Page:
Laina Hughes, a 25-year-old Red River College student, recently published the book Wolseley Stories. – Laina Hughes
Laina Hughes, a 25-year-old Red River College student, recently published the book Wolseley Stories. – Supplied
For Laina Hughes, it’s always a beautiful day in the neighbourhood.
Wolseley Stories is the 25-year-old Red River College student’s ode to Wolseley, the west central Winnipeg neighbourhood she was born and raised in.
The book - Hughes’ independent professional project, a large portion of the Creative Communications program - comprises personal stories from Wolseleyites, historical tales from the neighbourhood’s past and full-colour photographs.
Hughes, who works at Millennium Library, says the book started as a research project after she stumbled across 100-year-old photos of Wolseley from the Manitoba Historical Society.
However, due to time constraints and the fact she found out there was a similar book released in 2000, she decided to take a more personal perspective.
“There’s such a character to the neighbourhood and there are so many characters that live in the neighbourhood, so I thought it would be good to tell the story of Wolseley by talking to the people who live there and are passionate about it,” Hughes says.
Interestingly, Hughes discovered that Wolseley’s left-leaning, tree-hugging, malathion-hating nature is a relatively new thing.
Artistic, socially active young people were attracted to the area in the ‘70s and ‘80s due to the neighbourhood’s central location and large, low-priced houses.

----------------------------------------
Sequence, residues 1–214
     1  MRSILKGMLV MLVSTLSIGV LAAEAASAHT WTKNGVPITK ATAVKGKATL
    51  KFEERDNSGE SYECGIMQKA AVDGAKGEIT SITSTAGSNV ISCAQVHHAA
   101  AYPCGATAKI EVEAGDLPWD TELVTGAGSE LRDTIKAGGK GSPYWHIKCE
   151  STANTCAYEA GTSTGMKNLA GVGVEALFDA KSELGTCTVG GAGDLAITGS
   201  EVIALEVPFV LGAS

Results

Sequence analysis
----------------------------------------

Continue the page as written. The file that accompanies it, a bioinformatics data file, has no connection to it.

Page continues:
“You think of Wolseley now as the granola belt, hippies, things like that, but back in the day it was pretty conservative,” Hughes says. “Of course, in the beginning of the 20th century, the NDP didn’t exist, but it’s just cool to think that it wasn’t always so left-leaning.”
“ I know very few people in Wolseley who will chain themselves to a tree. There are only a couple of those and we don’t talk to them.
Laina Hughes, author of Wolseley Stories
“One of the girls I interviewed for the book, her dad has lived in Wolseley since the ‘50s and he’s angry that the hippies have come and taken over his neighbourhood.”
In fact, Hughes says while Wolseley’s hippie dippy image is somewhat apt, it’s not entirely true.
“There is this stereotype about Wolseley that we’re all vegans who will smash your SUV. No one is completely denying that stereotype, in fact we’re proud of it, but I know very few people in Wolseley who will chain themselves to a tree. There are only a couple of those and we don’t talk to them.”
Of course, Wolseley Stories also includes the tale behind the “Wolseley elm,” the triple-trunked tree that’s existence was threatened in 1957, but was saved by some strong-willed Wolseley women.
There’s also information on Happyland, an amusement park - complete with a rollercoaster, a Ferris wheel and a circular swing - that briefly called Wolseley home in the early 1900s.
The Ferris wheel may be gone, but for Hughes, Wolseley is still Happyland.
“I lived in West Broadway for a while and even though it’s still super close to Wolseley, I missed it so much,” Hughes says. “When I’d go to visit my parents and walk down Westminster Avenue I’d be like, ‘Aw, I miss this being my homeland.’”
Hughes will launch Wolseley Stories on Thursday, March 7 at 7:30 p.m. at McNally Robinson.